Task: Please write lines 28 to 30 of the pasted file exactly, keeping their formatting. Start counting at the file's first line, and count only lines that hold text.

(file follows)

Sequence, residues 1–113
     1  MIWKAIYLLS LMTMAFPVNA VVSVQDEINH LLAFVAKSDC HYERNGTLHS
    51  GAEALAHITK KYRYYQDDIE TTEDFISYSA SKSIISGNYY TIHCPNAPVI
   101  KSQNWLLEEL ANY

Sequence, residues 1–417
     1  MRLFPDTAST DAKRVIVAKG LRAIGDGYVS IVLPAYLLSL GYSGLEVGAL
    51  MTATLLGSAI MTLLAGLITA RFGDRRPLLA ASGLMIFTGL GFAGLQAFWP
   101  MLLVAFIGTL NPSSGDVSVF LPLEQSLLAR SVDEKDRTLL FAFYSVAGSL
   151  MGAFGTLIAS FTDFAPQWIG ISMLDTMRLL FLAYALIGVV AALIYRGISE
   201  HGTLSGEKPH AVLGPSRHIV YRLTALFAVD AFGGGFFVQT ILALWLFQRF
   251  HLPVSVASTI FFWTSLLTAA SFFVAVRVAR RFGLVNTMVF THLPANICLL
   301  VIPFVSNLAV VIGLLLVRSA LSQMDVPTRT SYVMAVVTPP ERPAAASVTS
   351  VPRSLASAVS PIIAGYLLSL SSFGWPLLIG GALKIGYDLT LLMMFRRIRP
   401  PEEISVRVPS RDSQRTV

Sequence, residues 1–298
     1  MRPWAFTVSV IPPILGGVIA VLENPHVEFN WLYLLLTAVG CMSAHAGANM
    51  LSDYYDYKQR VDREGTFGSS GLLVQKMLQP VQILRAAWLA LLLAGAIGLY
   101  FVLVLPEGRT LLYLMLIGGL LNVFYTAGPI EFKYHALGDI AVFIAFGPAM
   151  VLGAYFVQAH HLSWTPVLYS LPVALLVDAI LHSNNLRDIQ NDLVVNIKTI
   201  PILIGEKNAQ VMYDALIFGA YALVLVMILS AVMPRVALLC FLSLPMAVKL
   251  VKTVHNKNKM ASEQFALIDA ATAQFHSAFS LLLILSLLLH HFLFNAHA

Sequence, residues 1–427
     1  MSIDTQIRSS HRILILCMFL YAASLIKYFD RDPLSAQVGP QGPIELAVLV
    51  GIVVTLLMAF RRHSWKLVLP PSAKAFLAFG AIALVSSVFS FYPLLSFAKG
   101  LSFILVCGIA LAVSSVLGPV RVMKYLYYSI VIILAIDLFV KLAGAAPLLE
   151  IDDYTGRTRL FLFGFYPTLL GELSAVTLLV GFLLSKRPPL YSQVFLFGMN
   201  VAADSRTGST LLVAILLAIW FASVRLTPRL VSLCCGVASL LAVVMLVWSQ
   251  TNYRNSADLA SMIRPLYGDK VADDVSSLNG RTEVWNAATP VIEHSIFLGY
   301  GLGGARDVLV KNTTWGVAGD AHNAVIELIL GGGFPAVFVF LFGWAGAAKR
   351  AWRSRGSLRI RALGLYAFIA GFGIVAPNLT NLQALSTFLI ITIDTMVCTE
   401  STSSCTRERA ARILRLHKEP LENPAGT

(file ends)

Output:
   251  TNYRNSADLA SMIRPLYGDK VADDVSSLNG RTEVWNAATP VIEHSIFLGY
   301  GLGGARDVLV KNTTWGVAGD AHNAVIELIL GGGFPAVFVF LFGWAGAAKR
   351  AWRSRGSLRI RALGLYAFIA GFGIVAPNLT NLQALSTFLI ITIDTMVCTE